Whistleblower disclosures have helped the federal government make some of its biggest recoveries from fraudsters. In the Obama administration alone, the government recovered over $21 billion thanks to whistleblowers using the “qui tam” procedure under the False Claims Act (FCA). The government also recovered many additional billions through criminal fines and penalties.
Erika Kelton, an attorney in the Washington, DC, whistleblower law firm of Phillips & Cohen, wrote an article in last week's Forbes magazine that explains how the Internal Revenue Service (IRS) is losing out on the opportunity to develop its own income stream from whistleblower tips. In December 2006 Congress enacted a law similar to the FCA to reward whistleblower who informed the IRS of tax frauds and violations. Many whistleblowers have filed claims under the new IRS whistleblower program.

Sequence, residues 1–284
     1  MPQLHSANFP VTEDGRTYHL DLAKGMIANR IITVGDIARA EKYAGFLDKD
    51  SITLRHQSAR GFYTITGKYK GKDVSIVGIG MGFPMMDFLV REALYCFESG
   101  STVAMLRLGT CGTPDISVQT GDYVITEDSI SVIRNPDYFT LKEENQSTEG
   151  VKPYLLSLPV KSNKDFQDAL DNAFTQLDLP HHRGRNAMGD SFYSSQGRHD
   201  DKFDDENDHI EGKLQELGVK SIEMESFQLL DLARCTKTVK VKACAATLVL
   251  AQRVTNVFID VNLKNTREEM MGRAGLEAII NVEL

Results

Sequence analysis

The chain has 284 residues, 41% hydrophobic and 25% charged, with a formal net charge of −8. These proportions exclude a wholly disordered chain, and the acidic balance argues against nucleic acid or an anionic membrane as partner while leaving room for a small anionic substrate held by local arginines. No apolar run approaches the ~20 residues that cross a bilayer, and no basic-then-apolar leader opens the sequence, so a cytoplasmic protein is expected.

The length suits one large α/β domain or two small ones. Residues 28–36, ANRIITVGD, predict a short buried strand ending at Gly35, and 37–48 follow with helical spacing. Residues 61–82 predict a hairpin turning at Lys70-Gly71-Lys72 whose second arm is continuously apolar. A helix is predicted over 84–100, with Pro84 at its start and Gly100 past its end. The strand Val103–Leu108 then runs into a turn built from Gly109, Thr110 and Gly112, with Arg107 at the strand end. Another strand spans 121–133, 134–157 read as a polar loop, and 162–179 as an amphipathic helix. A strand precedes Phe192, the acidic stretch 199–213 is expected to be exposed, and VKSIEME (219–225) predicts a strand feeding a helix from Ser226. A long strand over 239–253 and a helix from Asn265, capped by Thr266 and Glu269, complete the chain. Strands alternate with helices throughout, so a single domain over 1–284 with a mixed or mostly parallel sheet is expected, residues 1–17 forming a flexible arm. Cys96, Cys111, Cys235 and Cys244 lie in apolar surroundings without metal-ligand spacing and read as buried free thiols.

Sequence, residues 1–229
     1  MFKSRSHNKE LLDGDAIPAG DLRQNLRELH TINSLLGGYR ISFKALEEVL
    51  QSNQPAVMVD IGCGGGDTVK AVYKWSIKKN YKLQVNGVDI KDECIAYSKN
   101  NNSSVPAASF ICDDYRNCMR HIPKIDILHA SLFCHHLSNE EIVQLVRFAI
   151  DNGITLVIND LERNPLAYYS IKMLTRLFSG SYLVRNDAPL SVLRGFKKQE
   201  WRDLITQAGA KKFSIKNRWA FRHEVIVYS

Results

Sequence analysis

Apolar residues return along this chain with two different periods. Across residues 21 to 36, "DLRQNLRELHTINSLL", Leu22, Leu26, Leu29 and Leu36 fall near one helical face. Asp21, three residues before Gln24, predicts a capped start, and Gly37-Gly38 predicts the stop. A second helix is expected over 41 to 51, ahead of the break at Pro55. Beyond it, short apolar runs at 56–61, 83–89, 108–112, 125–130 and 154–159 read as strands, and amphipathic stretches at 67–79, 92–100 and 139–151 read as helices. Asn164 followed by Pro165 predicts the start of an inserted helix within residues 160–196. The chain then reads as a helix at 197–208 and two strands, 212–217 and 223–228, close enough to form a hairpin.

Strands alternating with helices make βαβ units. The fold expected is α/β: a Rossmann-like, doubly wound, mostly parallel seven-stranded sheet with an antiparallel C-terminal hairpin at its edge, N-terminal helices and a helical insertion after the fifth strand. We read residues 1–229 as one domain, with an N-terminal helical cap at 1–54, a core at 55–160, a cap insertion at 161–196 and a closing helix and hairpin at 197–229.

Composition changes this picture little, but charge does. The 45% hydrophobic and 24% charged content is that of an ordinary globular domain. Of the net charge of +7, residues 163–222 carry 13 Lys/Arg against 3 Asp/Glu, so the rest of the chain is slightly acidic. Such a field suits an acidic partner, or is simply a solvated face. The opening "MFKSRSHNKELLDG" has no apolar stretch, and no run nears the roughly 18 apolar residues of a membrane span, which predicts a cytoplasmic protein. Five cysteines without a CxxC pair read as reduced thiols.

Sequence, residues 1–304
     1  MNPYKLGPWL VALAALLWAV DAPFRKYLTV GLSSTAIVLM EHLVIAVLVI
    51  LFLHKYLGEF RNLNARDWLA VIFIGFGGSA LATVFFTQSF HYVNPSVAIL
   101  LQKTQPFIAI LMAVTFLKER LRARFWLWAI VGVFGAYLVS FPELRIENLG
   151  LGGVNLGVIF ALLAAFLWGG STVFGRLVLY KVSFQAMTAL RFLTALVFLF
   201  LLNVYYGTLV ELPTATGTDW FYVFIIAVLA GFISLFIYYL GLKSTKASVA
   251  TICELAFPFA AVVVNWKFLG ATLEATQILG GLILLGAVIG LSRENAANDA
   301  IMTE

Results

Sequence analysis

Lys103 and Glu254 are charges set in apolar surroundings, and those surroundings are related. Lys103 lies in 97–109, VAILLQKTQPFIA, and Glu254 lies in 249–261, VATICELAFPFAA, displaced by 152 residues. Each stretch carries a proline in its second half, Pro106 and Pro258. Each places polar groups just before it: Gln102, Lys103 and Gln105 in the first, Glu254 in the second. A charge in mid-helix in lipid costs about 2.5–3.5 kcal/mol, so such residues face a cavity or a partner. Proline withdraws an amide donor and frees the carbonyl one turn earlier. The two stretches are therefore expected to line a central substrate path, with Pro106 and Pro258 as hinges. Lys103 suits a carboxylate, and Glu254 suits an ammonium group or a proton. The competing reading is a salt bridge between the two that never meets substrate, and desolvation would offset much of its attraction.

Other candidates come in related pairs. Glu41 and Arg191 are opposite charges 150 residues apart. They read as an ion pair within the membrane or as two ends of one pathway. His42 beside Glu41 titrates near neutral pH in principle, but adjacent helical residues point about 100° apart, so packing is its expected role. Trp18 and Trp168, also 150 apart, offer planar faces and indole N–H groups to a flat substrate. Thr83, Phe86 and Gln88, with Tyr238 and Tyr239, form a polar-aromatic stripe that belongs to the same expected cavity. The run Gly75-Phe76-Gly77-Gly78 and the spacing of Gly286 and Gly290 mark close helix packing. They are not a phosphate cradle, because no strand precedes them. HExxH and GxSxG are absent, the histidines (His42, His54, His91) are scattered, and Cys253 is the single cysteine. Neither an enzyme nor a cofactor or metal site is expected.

Kelton says the IRS however, has squandered opportunities to recover billions of dollars in revenue with the information submitted by whistleblowers. Dozens of whistleblower submissions concerning losses over $100 million in tax fraud were reportedly received by the IRS Whistleblowers Office. Another thousand concerning tax underpayments over $2 million were also reported. However, the IRS has paid only one whistleblower reward during the program's first five years.
Clearly, there is a problem here. The problem, according to Kelton, does not lie within the laws implemented by the program in 2006, but with the IRS itself and institutional resistance within the IRS to rewarding whistleblowers.Continue Reading...